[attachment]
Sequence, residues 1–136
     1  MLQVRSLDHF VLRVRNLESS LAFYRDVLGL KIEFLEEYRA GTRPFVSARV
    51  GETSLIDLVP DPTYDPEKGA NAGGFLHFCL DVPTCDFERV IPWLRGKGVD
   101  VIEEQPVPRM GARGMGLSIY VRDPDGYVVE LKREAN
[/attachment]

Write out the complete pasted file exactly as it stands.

Sequence, residues 1–136
     1  MLQVRSLDHF VLRVRNLESS LAFYRDVLGL KIEFLEEYRA GTRPFVSARV
    51  GETSLIDLVP DPTYDPEKGA NAGGFLHFCL DVPTCDFERV IPWLRGKGVD
   101  VIEEQPVPRM GARGMGLSIY VRDPDGYVVE LKREAN